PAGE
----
Southwark’s archive and museum collections have only a small amount of suffrage related material. However, the borough’s art collection, formerly at the South London Gallery and managed by Southwark Council, also has several artworks by significant campaigners for women’s suffrage including Bertha Newcombe and Charlotte Elisabeth Babb.
Bertha Newcombe (1857-1947) attended the Slade School of Art in 1876. It is believed that she was one of the first women artist to train at the school. Following her successful arts training, Newcombe was a frequent exhibitor at the Royal Academy, Fine Art Society, Royal Institute of Oil Painters, Royal Institute of Painters in Watercolours, and Society of Women Artists, among other esteemed exhibiting societies. In 1888 she became a member of the New English Art Club.
Newcombe was highly influenced by the artist Stanhope Forbes (1857-1947) and also by other artists associated with the Newlyn School. She was romantically involved with the playwright George Bernard Shaw and painted a series of portrait studies of him in her studio at 1 Cheyne Walk, Chelsea, in the spring of 1882.
Newcombe was a strong advocate for women’s rights, in particular their right to suffrage. She became a member of The Society of Women Artists, The Society of Lady Artists and The Artists Suffrage League; a collective of female artists who produced artworks and posters for the ‘Votes for Women’ campaign.
Charlotte Elizabeth Babb (born Peckham 1830, d. 1906) was a female artist and sister to John Staines Babb, a mid nineteenth century decorative painter who is also represented by the Southwark Art Collection. Babb spent much of her career campaigning for equal rights for women, in particular their right to suffrage. In 1859 Babb started campaigning for the admission of female students to the Royal Academy schools and resulted in her own admission in 1861. Babb was among the first female students at the Royal Academy Schools. Throughout her career Babb exhibited widely with arts societies including the Royal Society of British Artists, the British Institution and the Society of Women Artists, among many others. She was a frequent exhibitor at the Dudley Galleries from 1862.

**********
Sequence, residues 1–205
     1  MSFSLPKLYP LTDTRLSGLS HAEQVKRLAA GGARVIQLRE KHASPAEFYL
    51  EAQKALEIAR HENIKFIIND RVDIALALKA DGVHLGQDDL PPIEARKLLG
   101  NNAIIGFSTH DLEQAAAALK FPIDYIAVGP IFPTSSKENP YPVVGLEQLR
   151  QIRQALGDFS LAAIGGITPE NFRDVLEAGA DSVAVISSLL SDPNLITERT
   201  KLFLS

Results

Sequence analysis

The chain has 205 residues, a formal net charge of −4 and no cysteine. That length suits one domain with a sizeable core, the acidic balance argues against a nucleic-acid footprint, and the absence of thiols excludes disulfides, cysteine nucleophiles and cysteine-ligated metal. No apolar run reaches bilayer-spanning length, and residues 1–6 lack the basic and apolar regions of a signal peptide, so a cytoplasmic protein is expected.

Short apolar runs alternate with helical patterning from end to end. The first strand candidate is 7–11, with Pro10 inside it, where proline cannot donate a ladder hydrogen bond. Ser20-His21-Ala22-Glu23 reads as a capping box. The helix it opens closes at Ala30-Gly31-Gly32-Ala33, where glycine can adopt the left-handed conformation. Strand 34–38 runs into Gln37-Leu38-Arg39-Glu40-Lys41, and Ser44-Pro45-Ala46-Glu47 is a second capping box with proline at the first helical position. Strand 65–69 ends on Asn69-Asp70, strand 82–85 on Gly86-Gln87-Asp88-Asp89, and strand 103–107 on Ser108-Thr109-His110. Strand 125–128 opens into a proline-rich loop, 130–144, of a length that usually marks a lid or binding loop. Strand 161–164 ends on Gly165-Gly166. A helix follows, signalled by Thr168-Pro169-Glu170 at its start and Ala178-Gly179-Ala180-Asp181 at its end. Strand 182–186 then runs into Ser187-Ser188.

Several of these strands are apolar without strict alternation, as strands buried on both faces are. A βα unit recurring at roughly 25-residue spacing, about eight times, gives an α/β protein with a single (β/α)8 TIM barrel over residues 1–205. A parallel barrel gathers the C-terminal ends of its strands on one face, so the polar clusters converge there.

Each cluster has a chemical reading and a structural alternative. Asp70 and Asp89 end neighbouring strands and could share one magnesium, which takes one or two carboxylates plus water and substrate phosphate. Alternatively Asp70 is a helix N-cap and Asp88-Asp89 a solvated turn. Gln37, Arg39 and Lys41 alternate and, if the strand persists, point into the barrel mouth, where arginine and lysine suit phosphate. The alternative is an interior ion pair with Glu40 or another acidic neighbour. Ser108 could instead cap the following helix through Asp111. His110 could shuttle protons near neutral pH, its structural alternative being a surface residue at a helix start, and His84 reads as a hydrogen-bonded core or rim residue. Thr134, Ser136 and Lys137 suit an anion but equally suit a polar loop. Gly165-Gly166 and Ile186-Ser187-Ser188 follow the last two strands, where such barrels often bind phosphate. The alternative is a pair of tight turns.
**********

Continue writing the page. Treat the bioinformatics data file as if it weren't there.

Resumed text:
Babb produced oil paintings and watercolours in a typical Pre-Raphaelite mode and with a strong emphasis on female figures and associated subjects (such as the Annunciation and story of Saint Cecilia). Babb was also associated with the decorative Arts and Crafts movement through established figures such as ceramic pioneer William de Morgan. Babb’s fairly accomplished yet loosely Pre-Raphaelite style enabled her to migrate over the more stylised Aesthetic Movement will relative ease. It was within this more decorative art territory where Babb produced large commercial paintings directly onto ceramic tiles (which were made by Minton).
Babb exhibited works at the Walker Art Gallery (Liverpool) Manchester City Art Gallery (1881) and also the World’s Columbian Exposition in Chicago, USA (1893). Her paintings and drawings remain mostly in private collections. The Southwark Art Collection holds the only known publicly owned oil painting by her.
To find out more about the Vote100 commemorations taking place during 2018 visit the Vote100 project pages.
In addition as part of their regular talks series, Southwark Cathedral is having a day of talks devoted to women’s history on Saturday 24 March 2018.